Avoid Paleolithic Reenactment
*Excerpt from the book Ancestral Now.
I have made a clear intention to resist the nostalgic allure of freezing our ancestors in time, and attempting to reenact their lifeways. If we do so, we lose touch with the living, breathing reality of The Ancestral Now. What we can do is learn, relate, absorb, and discover the ancestral within ourselves. It is due to this that I am often dismayed with the parody we call “The Paleolithic diet” and trying to recreate or re-enact it today. In my opinion, the idea that we even could replicate it is deeply flawed.
For instance, the mantra that echoes within this circle is to “eat like a caveman”. It is an inaccurate saying as our Paleolithic ancestors were not primarily cave dwellers. This approach can be beneficial in the sense that it calls out to the past, but we may ind that there is no real response reverberating back to us. “The Paleolithic diet” is a neat, little, contemporary package. We cannot, and should not, try to eat like Homo sapiens that lived in the Paleolithic era.
Why? Well, for one reason, many of those foods do not exist today. We cannot imagine the sheer variety of animals and plants that were eaten during that era, which spanned nearly two million years. We know that the domesticated animals and hybridized plants we eat today were not on the menu back then. We are not hunting down and eating entire mammoths, mastodons, giant cave lions, or giant bears.
Paleolithic people were chasing down mega-fauna, and eating plants that grew around them, bathed in the local waters and natural cycles of sunlight of their time. The soil was richer, and more vital. The environment has changed significantly since then. There are pollutants and other man-made chemicals spanning the entire globe that were not around in that era, and which are now a part of our food supply.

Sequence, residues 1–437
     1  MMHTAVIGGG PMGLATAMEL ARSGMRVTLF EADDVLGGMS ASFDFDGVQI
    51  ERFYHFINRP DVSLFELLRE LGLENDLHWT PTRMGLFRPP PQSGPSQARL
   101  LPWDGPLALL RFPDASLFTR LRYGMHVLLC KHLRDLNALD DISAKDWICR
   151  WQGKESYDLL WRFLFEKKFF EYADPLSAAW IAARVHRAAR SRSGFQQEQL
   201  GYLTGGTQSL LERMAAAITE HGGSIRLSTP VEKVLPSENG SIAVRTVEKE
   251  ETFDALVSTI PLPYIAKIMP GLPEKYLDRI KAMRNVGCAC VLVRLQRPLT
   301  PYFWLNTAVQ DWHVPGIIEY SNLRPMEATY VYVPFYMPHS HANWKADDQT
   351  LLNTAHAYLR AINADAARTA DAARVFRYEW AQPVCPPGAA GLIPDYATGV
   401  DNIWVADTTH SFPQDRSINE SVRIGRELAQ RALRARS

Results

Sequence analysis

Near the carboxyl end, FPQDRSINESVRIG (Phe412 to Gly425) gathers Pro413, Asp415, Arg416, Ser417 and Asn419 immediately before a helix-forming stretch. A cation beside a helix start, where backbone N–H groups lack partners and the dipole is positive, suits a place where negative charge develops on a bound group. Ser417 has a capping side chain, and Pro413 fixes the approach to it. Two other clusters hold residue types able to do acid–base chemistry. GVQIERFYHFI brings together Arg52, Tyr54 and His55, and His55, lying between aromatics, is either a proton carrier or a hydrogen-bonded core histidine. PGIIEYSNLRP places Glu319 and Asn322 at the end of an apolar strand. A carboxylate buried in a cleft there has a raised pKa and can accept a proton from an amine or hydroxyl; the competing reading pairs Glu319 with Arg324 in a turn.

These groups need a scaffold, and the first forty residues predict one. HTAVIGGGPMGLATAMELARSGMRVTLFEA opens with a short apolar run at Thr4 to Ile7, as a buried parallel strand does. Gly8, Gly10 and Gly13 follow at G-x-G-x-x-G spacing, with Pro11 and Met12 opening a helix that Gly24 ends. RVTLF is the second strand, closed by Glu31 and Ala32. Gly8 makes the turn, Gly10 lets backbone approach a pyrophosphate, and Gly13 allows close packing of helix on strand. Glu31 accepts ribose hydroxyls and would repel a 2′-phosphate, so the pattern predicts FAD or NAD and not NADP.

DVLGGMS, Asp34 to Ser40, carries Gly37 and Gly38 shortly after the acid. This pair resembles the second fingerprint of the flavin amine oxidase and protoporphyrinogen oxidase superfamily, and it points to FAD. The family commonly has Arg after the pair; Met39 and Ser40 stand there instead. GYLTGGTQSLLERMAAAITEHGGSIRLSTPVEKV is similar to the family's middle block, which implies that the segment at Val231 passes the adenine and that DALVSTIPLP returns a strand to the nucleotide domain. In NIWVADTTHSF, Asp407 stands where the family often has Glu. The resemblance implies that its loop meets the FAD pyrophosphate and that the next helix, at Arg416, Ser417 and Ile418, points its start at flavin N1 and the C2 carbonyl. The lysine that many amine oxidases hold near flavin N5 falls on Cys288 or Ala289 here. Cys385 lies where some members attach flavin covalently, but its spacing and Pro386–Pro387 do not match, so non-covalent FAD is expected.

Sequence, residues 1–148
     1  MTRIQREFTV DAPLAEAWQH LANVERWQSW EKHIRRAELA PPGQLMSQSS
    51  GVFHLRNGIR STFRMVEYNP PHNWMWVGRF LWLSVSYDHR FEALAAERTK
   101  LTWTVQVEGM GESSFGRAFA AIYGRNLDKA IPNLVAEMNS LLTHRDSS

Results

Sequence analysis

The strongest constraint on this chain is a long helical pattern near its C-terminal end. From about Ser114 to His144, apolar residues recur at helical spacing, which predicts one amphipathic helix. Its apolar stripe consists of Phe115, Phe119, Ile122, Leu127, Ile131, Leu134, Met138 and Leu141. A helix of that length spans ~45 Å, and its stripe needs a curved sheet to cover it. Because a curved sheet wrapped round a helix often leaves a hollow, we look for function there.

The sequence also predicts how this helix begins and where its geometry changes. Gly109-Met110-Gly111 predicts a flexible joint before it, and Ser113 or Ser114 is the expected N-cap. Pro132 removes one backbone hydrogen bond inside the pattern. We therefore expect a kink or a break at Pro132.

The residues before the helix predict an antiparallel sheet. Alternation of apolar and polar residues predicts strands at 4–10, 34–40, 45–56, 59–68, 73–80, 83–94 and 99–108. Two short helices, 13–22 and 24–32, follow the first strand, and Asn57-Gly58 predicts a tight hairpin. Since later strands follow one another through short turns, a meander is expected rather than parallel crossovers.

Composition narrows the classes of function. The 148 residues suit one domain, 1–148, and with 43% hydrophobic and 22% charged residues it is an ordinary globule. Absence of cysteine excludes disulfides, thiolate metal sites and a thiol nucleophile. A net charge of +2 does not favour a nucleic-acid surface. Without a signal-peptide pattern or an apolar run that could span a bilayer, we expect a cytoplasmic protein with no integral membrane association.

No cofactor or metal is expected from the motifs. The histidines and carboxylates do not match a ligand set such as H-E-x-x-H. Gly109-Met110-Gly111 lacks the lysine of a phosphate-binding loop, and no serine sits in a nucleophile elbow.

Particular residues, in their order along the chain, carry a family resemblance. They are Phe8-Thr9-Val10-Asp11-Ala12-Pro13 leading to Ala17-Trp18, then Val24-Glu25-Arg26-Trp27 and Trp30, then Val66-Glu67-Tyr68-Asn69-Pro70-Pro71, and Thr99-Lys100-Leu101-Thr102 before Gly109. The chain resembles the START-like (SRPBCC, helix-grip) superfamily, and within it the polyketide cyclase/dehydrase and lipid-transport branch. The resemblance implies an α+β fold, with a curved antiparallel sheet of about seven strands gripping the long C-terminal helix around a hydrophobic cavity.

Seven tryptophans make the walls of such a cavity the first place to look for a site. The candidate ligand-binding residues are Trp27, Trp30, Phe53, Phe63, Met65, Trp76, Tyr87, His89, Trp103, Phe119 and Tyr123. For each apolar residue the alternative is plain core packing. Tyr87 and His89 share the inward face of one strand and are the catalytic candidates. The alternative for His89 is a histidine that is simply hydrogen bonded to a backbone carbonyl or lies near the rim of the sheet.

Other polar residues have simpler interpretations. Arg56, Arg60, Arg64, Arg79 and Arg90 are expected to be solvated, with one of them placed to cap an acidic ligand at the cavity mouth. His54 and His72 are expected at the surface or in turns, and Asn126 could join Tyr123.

Obviously, the Paleolithic ancestors were not eating pre-packaged products like gluten-free coconut macaroons, teriyaki-flavored beef jerky, or collagen-protein powder-cacoa-pumpkin seed bars. They weren’t subjected to marketing gimmicks that fit certain nostalgic sentiments and sought to mummify the wondrous relationship between humans and food. Paleolithic humans were not trying to be Paleolithic. They were attempting to survive and thrive, if possible, in a certain time and place. They ate what was available an accessible to them.
Today it seems that in the desire to be like our ancestors, we have forgotten how they might have thought about their situation and have relegated them to a set of temporary circumstances. This faulty meaning-making way of relating to our dietary past creates many forms of dissonance. In some cases, the Paleolithic diet unnecessarily restricts easily available, nutritious, contemporary foods such as dairy, tubers, and legumes, based on the idea that no humans during that era ate them. Even if that were true, which we cannot say for sure, it does not interfere with the possibility that between now and then some humans have emerged that can take advantage of those resources as a food source.
There have been many healthy societies that have been studied to have eaten all those foods with no apparent ill effects. The questions that we can begin to ask ourselves in relation to these foods are: Do I tolerate and digest legumes well as an individual? Are they a legitimate food source for me in this era? Did my ancestors develop a capacity to digest dairy? Can I consume properly prepared grains with no ill effect?
In general, “the Paleolithic diet” recommends lean protein, vegetables, fruits, herbs and spices, nuts and seeds; all else is shunned. While this may be a high-quality diet, it is by no means authentic — which is the point I am getting at. Regardless of what we eat, or how we prepare it, it is not possible to eat like our Paleolithic ancestors. The Paleolithic era is over and the world is in a different era. The spirits of time have turned the wheel, and if you try to hold on, you will be metaphorically ripped apart.